Student Spotlight: Kate Buhrke, OMS-I

Kate Buhrke, OMS-I

Kate Buhrke, OMS-I

First-year ICOM student, Kate Buhrke, contributed to recently-published research on how the expansion of bacteriophages is linked to aggravated intestinal inflammation and colitis. Student Doctor Buhrke conducted this research alongside her mentor, Dr. June L. Round, of the University of Utah.

The study, published in “Cell Host & Microbe,” is available to read at the following link:

Q: What does this research entail?

A: We studied mucosal immunology and our main focus was intestinal work and the bacteria that live in the gut. It’s pretty well known that e-coli can act as a pathogen, cause inflammation, and exacerbate colon cancer; so we were looking for a way to target the e-coli without wiping out the ‘good’ bacteria. We found that we can use bacteriophages, which are viruses that target bacteria, to kind of go in like little assassins and completely obliterate the bad population, and decreases colon cancer. It’s really cool, but even better is, if you give the viruses before you even have the bad community, the system kind of amps up like it’s ready for an attack. You can’t feel it, and there’s no harm to it, but it just starts preparing itself.

Q: How much time did you dedicate to this research?

A: I was at the University of Utah for a little over two years and I started the project as soon as I got there — so, it’s been a long road. Working with Dr. Round was amazing. Honestly, she has made all the difference for me. She pushes you, she caters to every single person in her lab, and she was so excited for me to pursue medical school and she has really made all the difference.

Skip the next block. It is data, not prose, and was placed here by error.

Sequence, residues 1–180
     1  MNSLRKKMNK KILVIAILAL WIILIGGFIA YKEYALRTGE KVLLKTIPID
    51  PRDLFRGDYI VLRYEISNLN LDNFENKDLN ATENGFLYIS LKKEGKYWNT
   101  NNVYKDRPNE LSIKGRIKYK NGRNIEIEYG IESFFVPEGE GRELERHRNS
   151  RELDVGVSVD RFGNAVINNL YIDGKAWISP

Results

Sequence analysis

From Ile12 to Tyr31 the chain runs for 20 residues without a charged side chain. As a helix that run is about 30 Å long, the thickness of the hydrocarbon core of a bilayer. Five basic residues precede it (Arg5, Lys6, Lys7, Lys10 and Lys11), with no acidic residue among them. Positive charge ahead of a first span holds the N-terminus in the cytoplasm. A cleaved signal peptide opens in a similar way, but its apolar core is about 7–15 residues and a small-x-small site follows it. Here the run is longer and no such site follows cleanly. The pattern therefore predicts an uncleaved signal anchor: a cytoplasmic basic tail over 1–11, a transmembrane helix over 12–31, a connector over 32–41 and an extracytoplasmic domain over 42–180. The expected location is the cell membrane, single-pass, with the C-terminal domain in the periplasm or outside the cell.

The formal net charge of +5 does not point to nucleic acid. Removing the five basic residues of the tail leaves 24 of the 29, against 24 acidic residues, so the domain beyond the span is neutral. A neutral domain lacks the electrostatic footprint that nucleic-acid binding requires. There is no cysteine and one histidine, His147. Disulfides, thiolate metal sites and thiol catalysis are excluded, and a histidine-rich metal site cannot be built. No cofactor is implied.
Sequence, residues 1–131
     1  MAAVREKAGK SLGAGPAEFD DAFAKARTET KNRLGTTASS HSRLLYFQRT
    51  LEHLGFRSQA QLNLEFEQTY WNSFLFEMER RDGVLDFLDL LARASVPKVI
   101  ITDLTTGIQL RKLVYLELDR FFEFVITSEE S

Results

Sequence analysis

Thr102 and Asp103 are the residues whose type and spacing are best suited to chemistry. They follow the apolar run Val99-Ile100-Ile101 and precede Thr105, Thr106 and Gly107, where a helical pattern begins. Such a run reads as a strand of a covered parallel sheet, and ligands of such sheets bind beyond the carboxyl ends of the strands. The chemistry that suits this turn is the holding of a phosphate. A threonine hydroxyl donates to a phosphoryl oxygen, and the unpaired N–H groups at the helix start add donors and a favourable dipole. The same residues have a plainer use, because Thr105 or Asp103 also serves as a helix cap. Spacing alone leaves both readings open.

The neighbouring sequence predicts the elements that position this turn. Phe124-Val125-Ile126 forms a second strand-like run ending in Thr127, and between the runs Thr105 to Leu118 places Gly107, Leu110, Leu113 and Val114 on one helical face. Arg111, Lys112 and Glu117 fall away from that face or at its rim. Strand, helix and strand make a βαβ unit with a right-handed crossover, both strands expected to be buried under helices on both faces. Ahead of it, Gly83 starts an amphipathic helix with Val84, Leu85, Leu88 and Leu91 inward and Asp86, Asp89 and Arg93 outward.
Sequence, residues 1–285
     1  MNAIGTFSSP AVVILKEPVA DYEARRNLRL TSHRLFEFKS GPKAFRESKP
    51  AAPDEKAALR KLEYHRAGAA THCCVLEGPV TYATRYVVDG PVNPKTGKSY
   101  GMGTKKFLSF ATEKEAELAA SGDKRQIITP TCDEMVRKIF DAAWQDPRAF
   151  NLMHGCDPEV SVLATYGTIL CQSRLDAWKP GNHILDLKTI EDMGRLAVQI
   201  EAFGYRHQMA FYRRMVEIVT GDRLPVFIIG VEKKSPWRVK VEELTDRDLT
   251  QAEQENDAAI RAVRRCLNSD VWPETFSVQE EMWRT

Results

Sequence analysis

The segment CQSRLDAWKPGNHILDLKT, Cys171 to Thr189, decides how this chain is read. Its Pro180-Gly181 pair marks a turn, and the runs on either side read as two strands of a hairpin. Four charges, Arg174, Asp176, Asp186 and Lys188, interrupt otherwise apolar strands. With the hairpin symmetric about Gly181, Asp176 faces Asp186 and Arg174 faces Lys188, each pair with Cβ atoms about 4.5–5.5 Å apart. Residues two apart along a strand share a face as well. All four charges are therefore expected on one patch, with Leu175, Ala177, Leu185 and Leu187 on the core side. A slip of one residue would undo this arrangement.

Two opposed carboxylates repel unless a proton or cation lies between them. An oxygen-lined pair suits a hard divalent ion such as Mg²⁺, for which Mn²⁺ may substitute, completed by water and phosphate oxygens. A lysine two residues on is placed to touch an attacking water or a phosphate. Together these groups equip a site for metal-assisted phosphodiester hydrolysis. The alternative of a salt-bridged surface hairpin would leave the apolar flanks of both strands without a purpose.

Q: How does it feel to be published?

A: It’s really exciting. It took a long time. I know it’s easy, I think, to romanticize bench work — to think it’ll be quick. It’s exciting because there are still a lot of open questions and little threads that you can start pulling on to uncover new things. It’s bittersweet. 

Q: Do you plan on pursuing research projects at ICOM?

A: Ideally, I’d love to do clinic-based research. I really like surgery, so something in that realm. Research is really important. Maybe people haven’t had the greatest introduction to it, but it can be really worthwhile with the right mentor and with a project that you’re passionate about. It’s so necessary — how do we fill these textbooks? How do we know what surgeries and treatments are working? We need to be in the trenches doing this.